Liz Phair has spent the pandemic at her home in Manhattan Beach – an upmarket seaside community in Southern California. “I don’t think I have self-care,” Phair reflects on this protracted period of isolation. “I have determination and grit!”
Speaking to Uncut for our July 2021 issue, from a lime-green room adorned with hot-pink curtains, pink artwork and pink balloons, Phair explains that she has spent lockdown in the company of her adult son, Nick – who has reactive airway disease – which means she has remained on a “very protective spectrum” compared with many people she knows.
“My friends have been gallivanting everywhere,” she explains with evident frustration. “I can’t even talk about it.” Most days, she explains, she and Nick have disinfected their groceries and refused to permit guests inside the house. “More than anything I have a sense of being really lucky to be able to stay home,” she says. “Self-care is like, ‘Wow, I can look out my window at the ocean.’ That makes me enormously more fortunate than a lot of people.”
Another unavoidable consequence of the pandemic is a delay in the release of Soberish – her seventh studio album and first since 2010. A typically candid collection of songs, the album continues the kinetic and playful ruminations on love, relationships, sex and womanhood Phair has been exploring since the start of her career. As a taster, in February she released Hey Lou – an imaginary dinner table conversation between Lou Reed and Laurie Anderson that brought into focus her gifts for wry, observational lyrics and hook-laden choruses. Soberish also reunites Phair with Brad Wood – the producer and engineer who helped transform Phair’s bedroom recordings into her 1993 debut Exile In Guyville.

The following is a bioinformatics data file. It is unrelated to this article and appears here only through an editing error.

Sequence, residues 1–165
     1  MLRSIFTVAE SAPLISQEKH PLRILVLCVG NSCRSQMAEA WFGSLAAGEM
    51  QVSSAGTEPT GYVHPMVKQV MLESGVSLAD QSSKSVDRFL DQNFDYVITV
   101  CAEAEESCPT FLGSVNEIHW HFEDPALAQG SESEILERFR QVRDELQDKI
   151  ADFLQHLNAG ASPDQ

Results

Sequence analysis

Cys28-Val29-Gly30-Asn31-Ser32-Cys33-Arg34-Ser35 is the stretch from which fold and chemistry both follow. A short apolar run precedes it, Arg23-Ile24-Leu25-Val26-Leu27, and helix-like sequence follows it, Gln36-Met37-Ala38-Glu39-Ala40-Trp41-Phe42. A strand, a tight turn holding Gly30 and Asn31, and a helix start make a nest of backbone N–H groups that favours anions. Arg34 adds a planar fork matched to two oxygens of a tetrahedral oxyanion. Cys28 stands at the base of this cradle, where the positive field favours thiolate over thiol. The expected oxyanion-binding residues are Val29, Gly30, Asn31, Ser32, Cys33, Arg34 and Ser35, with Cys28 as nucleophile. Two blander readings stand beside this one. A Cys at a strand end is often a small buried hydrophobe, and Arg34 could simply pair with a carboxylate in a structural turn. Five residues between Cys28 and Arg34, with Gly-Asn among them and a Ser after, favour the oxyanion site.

“I came in with a mandate,” Phair explains. “I want to do something that’s evocative of our past, that uses some of the same sounds, but in an entirely new way.” It made sense, Phair continues, to return her roots with Wood – and not just for comfort’s sake. “I also wanted to reclaim our position as pioneers,” she says. “So I challenged us to make music that people might take a minute to adjust to.”
After …Guyville marked Phair as a feminist trailblazer – whose candid, profanity-strewn anthems helped normalise female sexuality, anger and longing in mainstream channels – she navigated the alt.rock explosion to become one of its most unique and potent voices. Yet, following a number of unexpected career twists in the years since, Phair paused her music career. She focused on life as a single mother and pivoted to sound design for television – work, she acknowledges, that helped inform the alternately intricate and airy quality of Soberish. “I knew after my television composition work that I was more interested in complexity, but I also wanted it to be evocative of Guyville, to have the air and spaces somehow,” she says.
In some respects, it seems natural that Phair should continue to refer to her debut album, nearly 30 years since its release. Guyville is a useful barometer against which Phair can continue to judge not just the continuing relevance of its torch-bearing provocations, but also how much she has developed as an artist. Soberish, for instance, features a song called Bad Kitty, which traces a complete circle from Guyville to the present day.
“I don’t live in a world that appreciates me”, she sings. “You could say that I’m ahead of my time”. “I’m grappling with being one of the fallen bodies on the road to progress,” Phair explains. “How many times I’ve had to pick myself up from being dead, like getting knocked down and then getting back up.”